Page:Discovery and Decipherment of the Trilingual Cuneiform Inscriptions.djvu/43

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old king who was buried here.'[1] He found, however, that the tomb was on the side of the mountain, and was generallv attributed to Cvrus. He thought it was more probably to be assigned to Assuerus or Artaxerxes, and the tomb close by to his wife, Queen Vasti. The ruins of the Forty Cohmms were locally known as 'the Old Town,' and it was thought that it had been the original site of Shiraz. Old writers confirmed this view, because thay said the river Bondamiro[2] (which passes near the ruins) 'washed the walls of Shiraz.' Gouvea, following the geographical writers of the time, had no doubt that Shiraz was the ancient Persepolis. It never occurred to him to connect it with 'the old town' of Chehninar, to which tradition pointed as the original site of Shiraz. He called attention to the magnificent staircase that leads from the plain to the platform on which the ruins stand. Two staircases, he says, rise from the foot of the mountain, vis-à-vis one to the other, consisting of numerous steps well adjusted, and cut out of immense blocks of stone. The two stairs converge to one common landing place; and, writing evidently from memory, he adds that the sides are adorned with fiaures in relief, so well made that 'he doubts if it were possible to execute them better.' The Porch is, he says, adorned with 'figures of savage animals cut out of a single block, and so lifelike that they appear as though they desired to excite fear.' He describes the columns as surmounted by beautiful statues. On the Portico and in various places among the ruins he saw the portrait of the king. He does not mention any of the ruins on the platform;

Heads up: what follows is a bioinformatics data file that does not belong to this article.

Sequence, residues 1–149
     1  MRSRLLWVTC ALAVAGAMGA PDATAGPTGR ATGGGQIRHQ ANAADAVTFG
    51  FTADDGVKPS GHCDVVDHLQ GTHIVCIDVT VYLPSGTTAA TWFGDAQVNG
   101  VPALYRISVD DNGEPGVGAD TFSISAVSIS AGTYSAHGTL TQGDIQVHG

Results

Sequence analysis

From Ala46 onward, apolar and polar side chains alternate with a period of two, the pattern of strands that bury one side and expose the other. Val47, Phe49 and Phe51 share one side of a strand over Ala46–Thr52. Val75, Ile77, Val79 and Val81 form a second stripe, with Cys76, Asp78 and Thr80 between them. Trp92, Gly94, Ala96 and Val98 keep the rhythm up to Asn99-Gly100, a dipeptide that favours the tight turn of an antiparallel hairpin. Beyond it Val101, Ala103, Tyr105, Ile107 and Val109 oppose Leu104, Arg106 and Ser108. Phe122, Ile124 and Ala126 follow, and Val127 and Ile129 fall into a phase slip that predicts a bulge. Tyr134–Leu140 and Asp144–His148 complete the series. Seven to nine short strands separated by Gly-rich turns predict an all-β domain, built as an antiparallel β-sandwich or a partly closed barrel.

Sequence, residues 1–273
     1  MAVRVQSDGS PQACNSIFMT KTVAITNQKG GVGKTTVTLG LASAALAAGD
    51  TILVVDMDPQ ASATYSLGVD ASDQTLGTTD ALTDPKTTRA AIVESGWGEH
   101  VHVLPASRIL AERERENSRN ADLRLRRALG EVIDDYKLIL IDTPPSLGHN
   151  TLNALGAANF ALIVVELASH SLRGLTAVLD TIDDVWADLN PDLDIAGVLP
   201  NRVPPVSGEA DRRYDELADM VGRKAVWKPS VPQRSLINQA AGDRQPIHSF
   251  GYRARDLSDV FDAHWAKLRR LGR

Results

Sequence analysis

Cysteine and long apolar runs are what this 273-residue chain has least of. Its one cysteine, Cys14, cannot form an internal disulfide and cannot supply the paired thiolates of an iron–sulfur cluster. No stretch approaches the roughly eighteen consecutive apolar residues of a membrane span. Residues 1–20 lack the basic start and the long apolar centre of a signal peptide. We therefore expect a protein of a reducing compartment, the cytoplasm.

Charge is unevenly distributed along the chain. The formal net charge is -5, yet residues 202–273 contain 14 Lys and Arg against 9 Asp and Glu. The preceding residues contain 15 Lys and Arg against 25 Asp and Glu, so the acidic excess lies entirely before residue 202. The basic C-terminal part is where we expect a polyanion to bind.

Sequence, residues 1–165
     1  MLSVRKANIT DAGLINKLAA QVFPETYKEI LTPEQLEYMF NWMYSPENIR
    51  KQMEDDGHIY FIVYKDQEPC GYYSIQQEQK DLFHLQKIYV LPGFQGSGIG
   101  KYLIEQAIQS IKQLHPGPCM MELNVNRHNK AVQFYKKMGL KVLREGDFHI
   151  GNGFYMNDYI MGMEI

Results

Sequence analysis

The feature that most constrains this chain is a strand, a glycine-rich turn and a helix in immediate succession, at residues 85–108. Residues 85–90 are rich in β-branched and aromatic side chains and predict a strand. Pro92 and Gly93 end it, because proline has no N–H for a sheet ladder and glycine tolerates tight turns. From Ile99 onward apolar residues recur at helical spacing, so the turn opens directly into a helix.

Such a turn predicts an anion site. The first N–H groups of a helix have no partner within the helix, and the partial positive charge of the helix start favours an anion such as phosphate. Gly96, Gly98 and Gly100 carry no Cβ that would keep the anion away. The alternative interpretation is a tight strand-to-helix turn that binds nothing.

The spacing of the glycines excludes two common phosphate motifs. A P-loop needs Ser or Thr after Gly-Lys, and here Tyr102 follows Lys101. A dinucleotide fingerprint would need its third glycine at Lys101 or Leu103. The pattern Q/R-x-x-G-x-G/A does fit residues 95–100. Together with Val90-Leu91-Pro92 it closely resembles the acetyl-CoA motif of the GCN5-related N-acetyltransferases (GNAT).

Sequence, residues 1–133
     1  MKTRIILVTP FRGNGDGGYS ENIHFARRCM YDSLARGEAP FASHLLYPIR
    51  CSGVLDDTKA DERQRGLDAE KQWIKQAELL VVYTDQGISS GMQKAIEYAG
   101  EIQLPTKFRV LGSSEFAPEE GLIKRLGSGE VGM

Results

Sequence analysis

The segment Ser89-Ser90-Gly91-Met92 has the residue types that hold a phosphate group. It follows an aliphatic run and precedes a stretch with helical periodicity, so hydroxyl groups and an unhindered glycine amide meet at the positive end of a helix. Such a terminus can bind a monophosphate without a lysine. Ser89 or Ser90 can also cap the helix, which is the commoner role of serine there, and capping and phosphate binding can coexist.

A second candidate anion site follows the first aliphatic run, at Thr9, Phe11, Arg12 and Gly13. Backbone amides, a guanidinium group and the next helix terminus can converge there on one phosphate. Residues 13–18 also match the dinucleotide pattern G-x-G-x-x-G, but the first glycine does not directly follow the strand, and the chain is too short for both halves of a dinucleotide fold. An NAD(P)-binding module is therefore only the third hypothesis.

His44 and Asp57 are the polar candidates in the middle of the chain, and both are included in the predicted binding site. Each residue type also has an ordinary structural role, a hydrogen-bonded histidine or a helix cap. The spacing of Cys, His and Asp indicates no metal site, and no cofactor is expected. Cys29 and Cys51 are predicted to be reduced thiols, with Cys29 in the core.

1. Relation des Grandes Guerres par le P. Fr. Antboine de Gouvea (Rouen, 1646), p. 78. The original was written at Goa, in 1609, and published at Lisbon, 1611: Relaçam em que se trata das Guerras, etc. (Lisboa).
  2. So Spelt in the Portuguese edition, p. 30; 'Bandimico' in the French edition, p. 79).